Rethinking Labor: Work and Livelihood in Japan

Conference/Symposium | April 13 | 2-5:30 p.m. | Stephens Hall, Townsend Center, Room 220

 Center for Japanese Studies (CJS)

Please join us on April 13th and 14th for the UC Berkeley Center for Japanese Studies Fifth Annual Graduate Student Conference: Rethinking Labor: Work and Livelihood in Japan. Labor has and continues to be an important analytic in Japanese Studies as it illuminates diverse phenomena such as macro-economic change, state-society relations, and industrial development. Yet, drawing upon recent approaches in anthropology, sociology, and material culture, this conference seeks to invoke the concepts of work and livelihood, which can emphasize subjectivity, sociality and the material conditions to sustaining life in ways that complement and complicate previous studies focusing on traditional concepts of labor. With the goal of reframing what constitutes “labor,” graduate student panels will invoke “work” and “livelihood” as a means of addressing such categories as domestic structures, underemployment, immaterial production, transnational labor, among other topics.


[Friday, April 13]

02:00-02:10 Opening Remarks

02:10-03:40 PANEL 1 | Political Messaging of Labor
Discussant: Steve Vogel, UC Berkeley
Moderator: Benjamin Bartlett, UC Berkeley
Frank Mondelli, Stanford University | Quotidian Labor: Narrative Political Framing in Japanese Politics and Twitter
Shelby Oxenford, UC Berkeley | The Labor of Advertising and the Work of Memory post-3.11
Jun Hee Lee, University of Chicago | In Chorus with Japanese Laborers: Celebrating the Miike Strike and the Laborer-Composer Ideal in the Utagoe Movement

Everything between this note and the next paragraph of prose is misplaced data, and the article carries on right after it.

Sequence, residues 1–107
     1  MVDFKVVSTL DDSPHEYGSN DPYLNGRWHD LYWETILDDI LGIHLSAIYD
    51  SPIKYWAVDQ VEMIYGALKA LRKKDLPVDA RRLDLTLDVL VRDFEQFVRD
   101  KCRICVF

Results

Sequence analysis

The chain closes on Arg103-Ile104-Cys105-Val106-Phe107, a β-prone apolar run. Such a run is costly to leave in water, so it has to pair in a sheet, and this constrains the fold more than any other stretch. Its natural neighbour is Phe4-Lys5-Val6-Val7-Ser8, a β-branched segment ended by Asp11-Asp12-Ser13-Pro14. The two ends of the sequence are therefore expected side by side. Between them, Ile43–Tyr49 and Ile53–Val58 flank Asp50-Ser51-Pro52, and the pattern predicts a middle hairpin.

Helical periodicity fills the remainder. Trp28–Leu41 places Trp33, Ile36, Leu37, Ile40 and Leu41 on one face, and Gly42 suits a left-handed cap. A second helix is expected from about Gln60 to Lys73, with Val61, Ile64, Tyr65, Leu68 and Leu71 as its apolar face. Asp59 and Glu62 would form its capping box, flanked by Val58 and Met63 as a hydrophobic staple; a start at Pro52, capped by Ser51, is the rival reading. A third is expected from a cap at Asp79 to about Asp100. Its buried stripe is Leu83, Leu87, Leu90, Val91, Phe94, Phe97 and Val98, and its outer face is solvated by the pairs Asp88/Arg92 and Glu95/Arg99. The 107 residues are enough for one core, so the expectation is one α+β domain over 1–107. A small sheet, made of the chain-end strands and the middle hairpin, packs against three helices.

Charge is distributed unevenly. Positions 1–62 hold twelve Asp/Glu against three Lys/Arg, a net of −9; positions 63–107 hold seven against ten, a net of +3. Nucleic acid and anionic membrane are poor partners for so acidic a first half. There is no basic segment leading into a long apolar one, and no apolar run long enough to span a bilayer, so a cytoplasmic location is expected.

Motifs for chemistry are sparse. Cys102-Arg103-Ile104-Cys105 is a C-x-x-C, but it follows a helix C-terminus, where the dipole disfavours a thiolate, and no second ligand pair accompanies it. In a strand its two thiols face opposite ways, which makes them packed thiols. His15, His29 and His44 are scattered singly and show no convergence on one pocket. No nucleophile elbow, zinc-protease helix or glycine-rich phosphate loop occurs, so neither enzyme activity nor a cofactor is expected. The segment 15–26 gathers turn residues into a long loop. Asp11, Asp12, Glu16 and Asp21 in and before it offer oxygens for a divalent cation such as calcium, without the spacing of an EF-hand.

04:00-05:30 Keynote Lecture: “Matter of Death in Solitary Times” by Prof. Anne Allison, Duke University
With a high aging/low birthrate population and the rate of marriage and even coupling on the decline in Japan, the primary social unit is moving from the family to the individual. As more and more Japanese live alone, they also face the prospect of death without those who once assumed the responsibility of caring for the dead. Seeing this as a limit case for sociality, the talk engages new practices in Japan that cater to mortuary self-care by the to-be-deceased themselves. When grievability itself becomes a matter assigned the individual for a future when already dead, what precisely happens to the form of the social?

[Saturday, April 14]

10:00-11:30 PANEL 2 | Dysfunctions of Labor
Discussant: Anne Allison, Duke University
Moderator: Justus Watt, UC Berkeley
Ramsey Ismail, UC San Diego | Not Working, Working from Home: The Work of Hikikomori
Felix Jawinski, Leipzig University | Continuities and Struggles of Nuclear Laborers in Japan
Gao Ming, National University of Singapore | Chinese Migrant Workers, Prostitution, and Opium in Japanese Manchukuo

11:45-01:15 PANEL 3 | Representational Work and the Mediation of Labor
Discussant: Daniel O'Neill, UC Berkeley
Moderator: Shoufu Yin, UC Berkeley
Justus Watt, UC Berkeley | From Livelihood to Labor: Ie no Hikari and Economic Rationalization in Rural Japan, 1925-1935
Hannah Airriess, UC Berkeley | Staging the Bright Life: White-Collar Cinema in Japan's Era of High Economic Growth
Drew Korschun, University of Colorado | Reading Nakajima Atsushi and Robert Louis Stevenson Through the Lens of Colonial Economy in the Pacific Islands

02:00-03:30 PANEL 4 | Labor's Production Beyond the Material
Discussant: Jonathan Zwicker, UC Berkeley
Moderator: Joel Thielen, UC Berkeley
Thomas Gimbel, University of Chicago | Philosophy, Sweat, and Flowers: Thought and Labor at Sengan-en
Xiaoyi Yang, Bard Graduate Center | Appropriating Zhangzhou Blue-and-White Ceramics in Japan
Thiam Huat Kam, Rutgers University | The Immaterial Labor of Materialization: Fans’ Dōjin Activity in Contemporary Japan

03:50-05:00 ROUNDTABLE: Labor in Medieval & Early Modern Japan
Lead Discussant: Brendan Morley, UC Berkeley
Moderator: Hannah Airriess, UC Berkeley
Kaitlin Forgash, UC Berkeley
Joel Thielen, UC Berkeley
Shoufu Yin, UC Berkeley

05:00-05:10 Closing Remarks, 510-642-3415